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MediaWatch:Radio
Investigation
Germany Quietly Aided 2003 War Effort?
Parties Allege German Intel Spied for US Bombers; Berlin Opposed War
09/18/2008 2:05 PM ET
May 2002: Demonstrators in Berlin with signs reading 'No Attack Against Iraq - Warmongers Not Welcome' with a portrait of U.S. President George W. Bush.
Sean Gallup/Getty Images.
May 2002: Demonstrators in Berlin with signs reading 'No Attack Against Iraq - Warmongers Not Welcome' with a portrait of U.S. President George W. Bush.

The German government secretly provided battlefield intelligence to the invading US-led coalition during the 2003 Iraq War, which it formally opposed, opposition parties have alleged.

Members of Germany’s Left and Green Parties made their allegations as two German intelligence agents who were stationed in Baghdad in 2003 gave testimony to a closed German parliamentary panel Thursday in an unfolding affair that threatens to embarrass the German Social Democrats, who were the governing party at the time.

Observers on both sides of the Atlantic will remember that along with France, Germany was lumped under the epithet “Old Europe” by former US Defense Secretary Donald Rumsfeld for its opposition to the invasion. Gerhard Schroeder, of the Social Democratic Party (SPD) who was chancellor at the time of the invasion, won his 2002 election bid in part by campaigning forcefully against the impending war.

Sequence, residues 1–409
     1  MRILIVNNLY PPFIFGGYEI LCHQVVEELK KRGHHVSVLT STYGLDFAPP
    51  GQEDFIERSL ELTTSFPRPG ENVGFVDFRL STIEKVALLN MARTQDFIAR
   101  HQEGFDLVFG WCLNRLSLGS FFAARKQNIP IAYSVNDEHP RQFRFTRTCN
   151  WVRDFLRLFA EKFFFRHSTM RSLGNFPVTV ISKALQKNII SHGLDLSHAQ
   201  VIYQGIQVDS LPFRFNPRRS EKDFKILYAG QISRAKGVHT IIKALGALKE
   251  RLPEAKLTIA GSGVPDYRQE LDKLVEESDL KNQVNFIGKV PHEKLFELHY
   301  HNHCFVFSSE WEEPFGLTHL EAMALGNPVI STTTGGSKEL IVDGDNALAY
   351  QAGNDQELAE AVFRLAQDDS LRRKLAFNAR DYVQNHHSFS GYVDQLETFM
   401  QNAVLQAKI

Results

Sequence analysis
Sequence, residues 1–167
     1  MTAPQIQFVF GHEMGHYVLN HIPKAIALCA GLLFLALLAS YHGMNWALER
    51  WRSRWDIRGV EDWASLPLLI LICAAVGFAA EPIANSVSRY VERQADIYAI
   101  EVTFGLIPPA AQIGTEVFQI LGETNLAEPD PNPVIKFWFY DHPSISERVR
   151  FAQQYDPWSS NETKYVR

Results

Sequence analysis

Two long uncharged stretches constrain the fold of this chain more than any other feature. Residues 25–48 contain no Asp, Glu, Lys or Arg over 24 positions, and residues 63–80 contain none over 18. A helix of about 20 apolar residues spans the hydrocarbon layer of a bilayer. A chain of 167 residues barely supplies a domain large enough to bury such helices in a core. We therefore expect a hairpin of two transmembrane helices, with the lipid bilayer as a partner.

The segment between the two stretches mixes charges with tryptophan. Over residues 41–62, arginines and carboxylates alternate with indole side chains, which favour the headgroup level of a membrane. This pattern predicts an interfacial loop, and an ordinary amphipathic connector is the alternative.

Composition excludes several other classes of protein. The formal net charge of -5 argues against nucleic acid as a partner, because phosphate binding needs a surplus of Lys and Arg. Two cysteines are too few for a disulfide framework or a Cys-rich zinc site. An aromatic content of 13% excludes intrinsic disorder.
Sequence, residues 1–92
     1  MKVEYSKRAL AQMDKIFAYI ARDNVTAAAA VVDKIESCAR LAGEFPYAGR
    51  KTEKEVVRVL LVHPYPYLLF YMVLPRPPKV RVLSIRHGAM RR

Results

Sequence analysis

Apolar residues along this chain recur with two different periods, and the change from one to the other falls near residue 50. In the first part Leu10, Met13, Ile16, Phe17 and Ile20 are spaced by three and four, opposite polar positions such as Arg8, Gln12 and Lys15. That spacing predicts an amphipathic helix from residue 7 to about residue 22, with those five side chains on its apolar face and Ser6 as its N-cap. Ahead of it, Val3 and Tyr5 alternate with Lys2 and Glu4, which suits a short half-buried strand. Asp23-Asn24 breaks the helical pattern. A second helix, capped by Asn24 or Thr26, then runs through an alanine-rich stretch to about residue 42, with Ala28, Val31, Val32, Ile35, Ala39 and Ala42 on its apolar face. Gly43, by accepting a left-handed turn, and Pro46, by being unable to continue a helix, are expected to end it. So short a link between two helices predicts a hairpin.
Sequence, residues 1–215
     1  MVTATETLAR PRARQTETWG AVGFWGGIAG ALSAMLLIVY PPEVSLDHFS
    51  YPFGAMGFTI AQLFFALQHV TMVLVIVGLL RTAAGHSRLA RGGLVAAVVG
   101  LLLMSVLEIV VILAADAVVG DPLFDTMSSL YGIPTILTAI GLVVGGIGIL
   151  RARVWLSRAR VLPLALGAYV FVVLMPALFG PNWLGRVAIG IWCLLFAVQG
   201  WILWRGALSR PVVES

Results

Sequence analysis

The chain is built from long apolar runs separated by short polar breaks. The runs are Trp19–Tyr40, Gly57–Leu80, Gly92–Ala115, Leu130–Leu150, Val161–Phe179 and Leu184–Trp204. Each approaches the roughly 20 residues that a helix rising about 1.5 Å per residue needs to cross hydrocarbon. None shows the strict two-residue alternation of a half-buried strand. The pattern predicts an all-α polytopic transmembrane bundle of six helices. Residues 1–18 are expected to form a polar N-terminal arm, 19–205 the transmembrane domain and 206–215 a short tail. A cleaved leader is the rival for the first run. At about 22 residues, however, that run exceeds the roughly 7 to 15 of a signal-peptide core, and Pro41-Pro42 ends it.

Schroeder stepped down after the 2005 German elections to allow Angela Merkel of the Christian Democratic Union (CDU) to become chancellor in a CDU-SPD Grand Coalition government.

German official broadcaster Deutsche Welle reports that German parliamentarians Norman Paech, of the Left Party, and Hans-Christian Stroebele of the Green Party allege that German spies in Baghdad provided American forces with information on “expected resistance and coordinates for military positions that were subsequently bombed.”

The possible German role in a war that the SPD-led government officially opposed could embarrass the SPD candidate for chancellor in Germany’s 2009 elections, Frank Walter Steinmeier. Steinmeier, currently foreign minister, was head of the chancellery under Schroeder and would have overseen German intelligence operations. The parliamentary investigation is examining Steinmeier’s role in particular. Max Stadler, an MP with the opposition Free Democratic Party, “said it was important not to leap to conclusions, but that the spies had fed information on the effectiveness of bombing raids,” Deutsche Welle writes, referring to one instance where US bombers struck an Iraqi officers club two times over four days after receiving information from the German agents.

An investigation into Steinmeier’s role is underway in the German intelligence agency, known by its German initials, BND.

Social Democrats have rejected the allegations. Steinmeier told a German newspaper that the presence of German intelligence agents in Baghdad was not enough "to make Germany a warring party after the fact," saying the German public would reject the charges.

See here for a German debate over its future position in Iraq.

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